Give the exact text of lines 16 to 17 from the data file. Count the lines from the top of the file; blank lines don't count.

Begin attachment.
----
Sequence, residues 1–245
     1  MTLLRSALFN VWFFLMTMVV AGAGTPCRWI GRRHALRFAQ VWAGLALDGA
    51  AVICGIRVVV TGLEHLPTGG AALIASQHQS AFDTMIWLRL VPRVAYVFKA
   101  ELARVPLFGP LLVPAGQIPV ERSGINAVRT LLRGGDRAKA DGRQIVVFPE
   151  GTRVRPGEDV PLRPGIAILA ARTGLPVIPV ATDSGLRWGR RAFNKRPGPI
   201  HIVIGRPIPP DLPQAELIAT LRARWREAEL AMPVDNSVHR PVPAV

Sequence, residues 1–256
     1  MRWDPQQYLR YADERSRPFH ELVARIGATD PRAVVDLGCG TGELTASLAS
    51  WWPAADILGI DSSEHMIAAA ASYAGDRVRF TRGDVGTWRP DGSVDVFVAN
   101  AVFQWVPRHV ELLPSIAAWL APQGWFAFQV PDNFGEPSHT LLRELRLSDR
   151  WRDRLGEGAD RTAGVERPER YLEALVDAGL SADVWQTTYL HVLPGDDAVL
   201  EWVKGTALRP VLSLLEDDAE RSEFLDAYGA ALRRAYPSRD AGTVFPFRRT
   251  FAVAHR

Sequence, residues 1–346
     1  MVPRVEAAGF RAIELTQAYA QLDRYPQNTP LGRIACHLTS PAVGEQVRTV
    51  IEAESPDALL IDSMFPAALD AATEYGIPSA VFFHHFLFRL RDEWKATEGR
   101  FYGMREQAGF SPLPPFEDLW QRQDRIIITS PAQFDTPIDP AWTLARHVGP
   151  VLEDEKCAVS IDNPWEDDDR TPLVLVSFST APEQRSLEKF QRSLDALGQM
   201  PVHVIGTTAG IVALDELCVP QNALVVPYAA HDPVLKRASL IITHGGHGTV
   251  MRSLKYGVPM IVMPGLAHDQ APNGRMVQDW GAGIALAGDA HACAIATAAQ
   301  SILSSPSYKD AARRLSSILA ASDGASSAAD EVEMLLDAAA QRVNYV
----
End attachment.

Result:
    51  IEAESPDALL IDSMFPAALD AATEYGIPSA VFFHHFLFRL RDEWKATEGR
   101  FYGMREQAGF SPLPPFEDLW QRQDRIIITS PAQFDTPIDP AWTLARHVGP